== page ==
CHARLOTTESVILLE, Va. (AP/WAVY) — Virginia Gov. Ralph Northam and the city of Charlottesville have proactively declared a state of emergency ahead of the one-year anniversary of a violent white nationalist rally in Virginia that left a woman dead and dozens of others injured.
Officials said Wednesday the declaration would streamline state and local operations this weekend while also allocating $2 million in state funds. The declaration authorizes the Virginia National Guard to assist in security efforts.
Law enforcement officials say there will be a heavy police presence meant to deter any violence.
Only one organizer of last summer’s rally seems intent on publicly marking the anniversary. Jason Kessler has vowed to press ahead with plans for an Aug. 12 rally in Washington, D.C., after Charlottesville denied him a permit.
“Unite the Right 2” will take place in Lafayette Park Sunday evening near the White House.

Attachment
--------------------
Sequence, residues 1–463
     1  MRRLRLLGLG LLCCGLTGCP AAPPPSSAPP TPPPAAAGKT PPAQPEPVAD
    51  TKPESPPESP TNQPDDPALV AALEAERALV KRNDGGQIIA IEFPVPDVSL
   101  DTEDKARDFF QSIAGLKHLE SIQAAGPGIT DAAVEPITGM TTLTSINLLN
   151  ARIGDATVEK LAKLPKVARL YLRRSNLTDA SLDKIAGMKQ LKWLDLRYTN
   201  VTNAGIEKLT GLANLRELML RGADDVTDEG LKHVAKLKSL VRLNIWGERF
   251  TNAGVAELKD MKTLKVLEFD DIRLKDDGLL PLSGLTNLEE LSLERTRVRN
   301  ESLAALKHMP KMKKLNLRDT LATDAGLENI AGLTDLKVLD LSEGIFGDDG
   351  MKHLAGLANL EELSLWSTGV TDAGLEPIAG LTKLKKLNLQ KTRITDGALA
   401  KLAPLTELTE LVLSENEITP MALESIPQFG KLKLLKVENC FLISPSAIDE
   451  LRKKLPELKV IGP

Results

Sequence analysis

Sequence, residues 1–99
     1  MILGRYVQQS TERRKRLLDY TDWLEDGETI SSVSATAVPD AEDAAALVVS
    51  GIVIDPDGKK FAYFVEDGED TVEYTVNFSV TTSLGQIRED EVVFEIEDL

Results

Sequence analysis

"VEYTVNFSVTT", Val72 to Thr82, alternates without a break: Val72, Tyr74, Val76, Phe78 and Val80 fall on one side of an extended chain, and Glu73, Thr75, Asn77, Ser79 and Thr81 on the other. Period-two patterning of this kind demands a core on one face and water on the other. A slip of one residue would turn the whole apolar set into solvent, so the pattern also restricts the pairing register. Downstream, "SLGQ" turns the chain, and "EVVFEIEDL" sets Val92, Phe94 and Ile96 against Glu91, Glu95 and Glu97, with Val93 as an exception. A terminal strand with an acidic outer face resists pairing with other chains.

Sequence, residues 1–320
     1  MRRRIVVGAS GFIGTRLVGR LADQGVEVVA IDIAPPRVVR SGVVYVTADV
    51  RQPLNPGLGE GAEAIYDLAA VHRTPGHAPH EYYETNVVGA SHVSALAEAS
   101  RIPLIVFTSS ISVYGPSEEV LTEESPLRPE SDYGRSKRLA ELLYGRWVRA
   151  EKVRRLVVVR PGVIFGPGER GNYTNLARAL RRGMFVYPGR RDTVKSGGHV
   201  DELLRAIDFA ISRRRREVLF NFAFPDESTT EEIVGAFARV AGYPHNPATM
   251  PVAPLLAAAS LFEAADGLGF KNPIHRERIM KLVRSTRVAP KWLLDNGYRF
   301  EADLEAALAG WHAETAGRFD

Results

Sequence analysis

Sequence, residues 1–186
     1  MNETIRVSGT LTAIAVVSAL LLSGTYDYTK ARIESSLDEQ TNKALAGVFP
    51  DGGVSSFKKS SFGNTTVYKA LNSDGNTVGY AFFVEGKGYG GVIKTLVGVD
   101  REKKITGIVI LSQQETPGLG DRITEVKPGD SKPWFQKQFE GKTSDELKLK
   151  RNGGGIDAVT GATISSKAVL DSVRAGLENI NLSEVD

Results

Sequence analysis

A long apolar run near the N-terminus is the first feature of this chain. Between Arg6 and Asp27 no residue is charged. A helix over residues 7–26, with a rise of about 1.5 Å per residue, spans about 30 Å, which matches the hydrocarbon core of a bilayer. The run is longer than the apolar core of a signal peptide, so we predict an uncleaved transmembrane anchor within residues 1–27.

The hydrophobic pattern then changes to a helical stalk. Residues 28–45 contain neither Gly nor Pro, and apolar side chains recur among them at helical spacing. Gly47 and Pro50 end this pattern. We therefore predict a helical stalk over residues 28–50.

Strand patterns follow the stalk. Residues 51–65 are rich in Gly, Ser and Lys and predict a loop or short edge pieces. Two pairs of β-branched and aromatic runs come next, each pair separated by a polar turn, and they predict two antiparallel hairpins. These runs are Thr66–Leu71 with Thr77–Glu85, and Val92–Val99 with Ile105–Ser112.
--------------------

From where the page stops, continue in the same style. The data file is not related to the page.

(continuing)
An independent review by former U.S. Attorney Tim Heapy found law enforcement’s response to the August 2017 rally failed on multiple fronts — including not adequately communicating or coordinating in advance.
The city’s new police chief RaShall Brackney said Wednesday that “communications gaps have been filled” and Charlottesville Police will now be better able to communicate with other agencies.
More than 700 Virginia State Troopers will be ready to keep the peace if needed.
The city has already announced several road closures around Downtown Charlottesville, as well as parks facility closures.